ProHealth health Vitamin and Natural Supplement Store and Health
Home  |  Log In  |  My Account  |  View Cart  View Your ProHealth Vitamin and Supplement Shopping Cart
800-366-6056  |  Contact Us  |  Help
Facebook Google Plus
Fibromyalgia  Chronic Fatigue Syndrome & M.E.  Lyme Disease  Natural Wellness  Supplement News  Forums  Our Story
Store     Brands   |   A-Z Index   |   Best Sellers   |   New Products   |   Deals & Specials   |   Under $10   |   SmartSavings Club

Trending News

Can Autoimmune Conditions be Reversed? Researchers Make a Surprising Discovery

How One Tiny Molecule Turned into One Huge Health Breakthrough

Acupuncture boosts effectiveness of standard medical care for chronic pain, depression

Research on Astaxanthin Demonstrates Significant Whole Body Benefits

Humans have three times more brown body fat

Nutrients Boost Stem Cell Function

B12 Proven Essential for Every Cell

Soy isoflavones may benefit breast cancer patients

Dietary prebiotics improve sleep, buffer impacts of stress, says study

How B Vitamins Improve Brain Health, Cognition, Psychiatric Problems and Mood Disorders

 
Print Page
Email Article

Depression & Low Bone Mineral Density Strongly Connected, Especially in Young Women

  [ 33 votes ]   [ Discuss This Article ]
www.ProHealth.com • November 9, 2009


"Depression is associated with a markedly elevated activity of cells that break down bone (osteoclasts).”

Research carried out among thousands of people has shown a clear connection between depression and a loss of bone mass, leading to osteoporosis and fractures.

This was revealed by Hebrew University of Jerusalem researchers, Prof. Raz Yirmiya, head of the Brain and Behavior Laboratory, and Prof. Itai Bab, head of the Bone Laboratory. They further revealed that the relationship between depression and bone loss is particularly strong among young women.

Osteoporosis is the most widespread degenerative disease in the developed world, afflicting 1 in 3 women and 1 in 5 men over 50.

Sufferers experience decrease in bone density, which often leads to bone fractures. In many cases, these fractures cause severe disability and even death.

Despite the accumulating evidence for a connection between depression and decreased bone density, official authorities, such as the US National Institutes of Health and the World Health Organization, have not yet acknowledged depression as a risk factor for osteoporosis, due to the lack of studies in large samples. To remedy this situation, the Hebrew University researchers assembled the data from all studies on the subject conducted to date, and analyzed them using a special statistical approach called meta-analysis.

The results were recently reported in the journal Biological Psychiatry.(1) The scientists assessed data from 23 research projects conducted in eight countries, comparing bone density:

• Among 2,327 people suffering from depression,

• Against 21,141 non-depressed individuals.

The results, say the researchers, show clearly that depressed individuals have a substantially lower bone density than non-depressed people and that depression is associated with a markedly elevated activity of cells that break down bone (osteoclasts).

Yirmiya and Bab found that the association between depression and bone loss was stronger in women than men, especially young women before the end of their monthly period.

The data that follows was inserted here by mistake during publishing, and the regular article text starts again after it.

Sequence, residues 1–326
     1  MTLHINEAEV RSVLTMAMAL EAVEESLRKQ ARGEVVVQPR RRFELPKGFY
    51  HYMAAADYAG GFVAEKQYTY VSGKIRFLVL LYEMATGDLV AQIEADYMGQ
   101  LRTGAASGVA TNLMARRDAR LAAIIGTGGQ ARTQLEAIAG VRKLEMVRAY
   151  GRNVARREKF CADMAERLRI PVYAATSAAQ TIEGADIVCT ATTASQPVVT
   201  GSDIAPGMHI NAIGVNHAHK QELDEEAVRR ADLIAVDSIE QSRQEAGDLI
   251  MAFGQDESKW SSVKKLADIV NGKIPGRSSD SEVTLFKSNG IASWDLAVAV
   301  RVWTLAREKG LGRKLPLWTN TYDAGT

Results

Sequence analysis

This connection was especially strong in women with clinical depression diagnosed by a psychiatrist, but not in community studies, in which women subjectively identified themselves as being depressed using self-rating questionnaires.

Based on the present findings, Profs. Yirmiya and Bab propose that "all individuals psychiatrically diagnosed with major depression are at risk for developing osteoporosis, with depressed young women showing the highest risk.

"These patients should be periodically evaluated for progression of bone loss and signs of osteoporosis, allowing the use of anti-osteoporotic prophylactic and therapeutic treatments."

____

1. Article: “Major Depression is a Risk Factor for Low Bone Mineral Density: A Meta-Analysis” Biological Psychiatry, Sep 2009.

Source: The Hebrew University of Jerusalem, news release Nov 9, 2009




Post a Comment

Featured Products From the ProHealth Store
Energy NADH™ 12.5mg FibroSleep™

Looking for Vitamins, Herbs and Supplements?
Search the ProHealth Store for Hundreds of Natural Health Products


Article Comments



Be the first to comment on this article!

Post a Comment


 
NAD+ Ignite with Niagen

Featured Products

FibroSleep™ FibroSleep™
The All-in-One Natural Sleep Aid
Optimized Curcumin Longvida® Optimized Curcumin Longvida®
Supports Cognition, Memory & Overall Health

Natural Remedies

Health Benefits Are Brewing in Green Tea Health Benefits Are Brewing in Green Tea
Eating Fat is Good... Maybe... Could Be... Sometimes Eating Fat is Good... Maybe... Could Be... Sometimes
Bone Broth Benefits for Digestion, Arthritis and Cellulite Bone Broth Benefits for Digestion, Arthritis and Cellulite
Soothe, Heal and Regulate Your Digestive System with Nutrient-Rich Aloe Vera Soothe, Heal and Regulate Your Digestive System with Nutrient-Rich Aloe Vera
Improve Cardiovascular and Metabolic Health with Omega-7 Improve Cardiovascular and Metabolic Health with Omega-7

CONTACT US
ProHealth, Inc.
555 Maple Ave
Carpinteria, CA 93013
(800) 366-6056  |  Email

· Become a Wholesaler
· Vendor Inquiries
· Affiliate Program
SHOP WITH CONFIDENCE
Credit Card Processing
SUBSCRIBE TO OUR NEWSLETTERS
Get the latest news about Fibromyalgia, M.E/Chronic Fatigue Syndrome, Lyme Disease and Natural Wellness

CONNECT WITH US ProHealth on Facebook  ProHealth on Twitter  ProHealth on Pinterest  ProHealth on Google Plus

© 2017 ProHealth, Inc. All rights reserved. Pain Tracker App  |  Store  |  Customer Service  |  Guarantee  |  Privacy  |  Contact Us  |  Library  |  RSS  |  Site Map